A little while ago, Reading FC duo Adam Benson (Commercial Director) and Mark Bradley (Head of Communications) kindly sat down with us for a very special podcast installment.
Below, we've picked out some highlights and put them into a transcript.
On cheaper tickets for 18-24s
"Opinions on the £10 ticket – all in favour of it, because it was myself (Adam Benson) and the ticketing team that came up with it.
We’re constantly looking at gaps here and how we can bring more people through the doors.
The old age groups used to be 17-21. It’s been a kind of shift now, people stay on in education longer, people have less disposable income, particularly that particular age group.
They go off to university, sometimes take a gap year, so actually people are coming out of university later, so that 18-24 age group seemed like a real good target group for us.
Also, you can see it on a match day, that kind of age group is about atmosphere, so we wanted to engage with them, we wanted to find ways of bringing them through the doors.
So we took the decision to change it, bring the price down.
I think this season 22 out of the 24 Championship clubs now have an 18-24 age bracket, so we’ve taken the lead on it and people have copied us, which is really good to see.
"It's not just about pricing"
"In terms of extending it (the £10 ticket) out to older age groups, we’ve got very good pricing here, we introduced a £20 ticket in the Eamonn Dolan stand, we’ve backed Twenty’s Plenty.
It’s not just about ticket pricing that brings people through the doors. We’ve given a greater range on our season tickets and on our match tickets.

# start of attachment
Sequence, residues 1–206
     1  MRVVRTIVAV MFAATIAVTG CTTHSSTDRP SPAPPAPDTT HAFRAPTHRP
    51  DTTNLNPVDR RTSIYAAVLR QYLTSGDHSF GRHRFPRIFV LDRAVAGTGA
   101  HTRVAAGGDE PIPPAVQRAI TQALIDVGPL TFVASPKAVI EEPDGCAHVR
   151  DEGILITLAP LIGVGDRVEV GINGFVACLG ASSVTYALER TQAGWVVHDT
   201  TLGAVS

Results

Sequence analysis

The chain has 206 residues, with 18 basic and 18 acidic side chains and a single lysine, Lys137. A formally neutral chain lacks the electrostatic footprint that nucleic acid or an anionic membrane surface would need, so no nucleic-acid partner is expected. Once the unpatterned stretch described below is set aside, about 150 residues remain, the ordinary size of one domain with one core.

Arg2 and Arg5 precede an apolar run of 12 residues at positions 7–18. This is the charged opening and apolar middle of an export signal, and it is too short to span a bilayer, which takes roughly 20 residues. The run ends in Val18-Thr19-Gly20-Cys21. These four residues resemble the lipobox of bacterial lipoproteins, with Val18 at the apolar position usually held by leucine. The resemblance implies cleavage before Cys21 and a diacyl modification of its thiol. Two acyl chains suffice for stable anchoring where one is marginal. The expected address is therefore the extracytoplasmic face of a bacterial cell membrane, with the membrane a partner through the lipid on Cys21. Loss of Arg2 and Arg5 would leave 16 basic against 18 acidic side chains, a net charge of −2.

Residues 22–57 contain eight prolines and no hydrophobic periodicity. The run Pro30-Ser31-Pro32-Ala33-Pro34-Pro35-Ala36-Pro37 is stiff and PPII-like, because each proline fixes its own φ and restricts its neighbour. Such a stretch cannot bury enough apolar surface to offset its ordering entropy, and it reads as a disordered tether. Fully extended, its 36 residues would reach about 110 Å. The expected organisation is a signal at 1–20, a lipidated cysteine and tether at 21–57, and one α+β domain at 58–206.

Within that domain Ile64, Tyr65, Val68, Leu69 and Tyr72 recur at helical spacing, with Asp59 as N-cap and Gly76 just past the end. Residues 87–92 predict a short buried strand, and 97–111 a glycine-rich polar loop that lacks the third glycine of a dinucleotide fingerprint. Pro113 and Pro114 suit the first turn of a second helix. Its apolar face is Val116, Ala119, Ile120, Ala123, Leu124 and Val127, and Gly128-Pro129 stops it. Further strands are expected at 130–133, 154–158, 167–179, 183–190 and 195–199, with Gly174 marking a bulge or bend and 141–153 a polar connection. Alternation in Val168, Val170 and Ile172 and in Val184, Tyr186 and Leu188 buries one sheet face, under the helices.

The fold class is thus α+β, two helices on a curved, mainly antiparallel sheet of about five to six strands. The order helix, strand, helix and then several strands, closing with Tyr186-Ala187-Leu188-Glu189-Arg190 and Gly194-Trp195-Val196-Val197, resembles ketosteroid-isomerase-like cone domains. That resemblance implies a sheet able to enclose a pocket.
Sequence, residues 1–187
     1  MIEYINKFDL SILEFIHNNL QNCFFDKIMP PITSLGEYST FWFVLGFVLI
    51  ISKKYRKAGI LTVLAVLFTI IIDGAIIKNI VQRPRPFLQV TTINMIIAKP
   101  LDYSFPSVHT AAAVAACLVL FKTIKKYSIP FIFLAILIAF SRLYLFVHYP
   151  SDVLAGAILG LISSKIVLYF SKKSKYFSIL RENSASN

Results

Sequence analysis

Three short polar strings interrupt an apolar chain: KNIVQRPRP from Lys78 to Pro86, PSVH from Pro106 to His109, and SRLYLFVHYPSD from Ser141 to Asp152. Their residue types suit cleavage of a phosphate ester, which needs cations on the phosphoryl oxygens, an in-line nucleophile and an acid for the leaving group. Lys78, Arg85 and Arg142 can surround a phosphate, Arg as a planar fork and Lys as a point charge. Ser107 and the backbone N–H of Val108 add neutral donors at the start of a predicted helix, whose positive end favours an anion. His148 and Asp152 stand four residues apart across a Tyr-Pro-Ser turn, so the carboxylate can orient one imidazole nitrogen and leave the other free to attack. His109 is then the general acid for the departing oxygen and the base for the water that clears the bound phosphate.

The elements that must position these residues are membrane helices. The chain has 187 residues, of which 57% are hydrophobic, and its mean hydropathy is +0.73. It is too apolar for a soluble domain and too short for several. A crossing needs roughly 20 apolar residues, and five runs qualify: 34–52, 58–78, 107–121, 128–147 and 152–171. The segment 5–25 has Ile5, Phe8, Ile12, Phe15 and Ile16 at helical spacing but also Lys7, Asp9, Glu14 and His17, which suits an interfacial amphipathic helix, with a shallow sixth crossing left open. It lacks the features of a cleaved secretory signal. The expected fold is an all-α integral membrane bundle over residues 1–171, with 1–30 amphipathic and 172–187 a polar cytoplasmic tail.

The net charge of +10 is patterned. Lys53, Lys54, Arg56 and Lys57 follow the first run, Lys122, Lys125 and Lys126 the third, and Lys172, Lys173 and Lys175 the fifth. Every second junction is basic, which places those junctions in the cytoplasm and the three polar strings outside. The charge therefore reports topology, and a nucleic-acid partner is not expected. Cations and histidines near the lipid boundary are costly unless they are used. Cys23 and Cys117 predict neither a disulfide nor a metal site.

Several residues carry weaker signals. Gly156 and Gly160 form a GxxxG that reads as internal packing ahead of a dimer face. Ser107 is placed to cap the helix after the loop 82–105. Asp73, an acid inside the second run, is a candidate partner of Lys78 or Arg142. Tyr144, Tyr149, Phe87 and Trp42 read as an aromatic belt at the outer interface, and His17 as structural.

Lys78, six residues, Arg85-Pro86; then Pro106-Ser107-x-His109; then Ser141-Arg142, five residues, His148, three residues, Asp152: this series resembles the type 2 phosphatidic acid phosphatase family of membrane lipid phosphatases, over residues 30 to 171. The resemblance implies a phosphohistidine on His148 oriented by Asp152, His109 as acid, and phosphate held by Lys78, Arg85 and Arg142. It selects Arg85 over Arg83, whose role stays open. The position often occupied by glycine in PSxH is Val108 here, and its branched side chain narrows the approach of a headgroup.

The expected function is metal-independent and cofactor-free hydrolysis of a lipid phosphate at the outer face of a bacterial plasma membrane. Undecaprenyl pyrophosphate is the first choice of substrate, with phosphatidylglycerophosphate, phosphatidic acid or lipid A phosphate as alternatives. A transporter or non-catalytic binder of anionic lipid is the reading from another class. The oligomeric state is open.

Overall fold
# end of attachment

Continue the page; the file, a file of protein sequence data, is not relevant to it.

Attendances are slightly down this year, as most people would have seen, so it’s not just about pricing. Form affects it, perception of the club, so there’s lots of factors that go into it."
On balancing high attendances against club finances
"We also have to be realistic about the commercials of the football club. It’s a very, very expensive business to be in, just running a stadium – stewarding, catering staff, all of those things have a cost to it, so there’s only so low that you can bring it.
I think we’re at a stage now where we do have very fair pricing, so extending it into the adult age range, I don’t know whether that would necessarily work but I still think that we offer some really good pricing for all age group now.
We have to balance off getting a good atmosphere and getting as many through the doors as possible versus the commercials of the football club.
It’s important for people to realise that we’re all football fans, we speak to a lot of football fans, we speak to a lot of supporters, we’re not detached from them, we understand the economic challenges they face, we really do.
We’ve tried to take a very balanced view of getting good ticket pricing without compromising too much the commercials of the football club."
The famous 2016/17 kit launch...
“It was a team effort. We’re a small team, and we’re always throwing around ideas. How can we do things differently? The reality is a football season’s cyclical, every year there’s a kit launch, every year there’s a season ticket launch, and it’s quite challenging sometimes to come up with different ways of bringing that to life.
So we sat down, we batted a few ideas around, and I think there was something a long time ago where somebody had taken Kingsley and sent Kingsley into space. We used that as the idea behind it. And you know, the clue’s in the title: kit launch.
We thought, what can we do differently, let’s launch it into space, and the feedback and the reaction to it was really really good.
...and where it landed
"It did come down, somewhere in Norwich, or Cambridge or somewhere.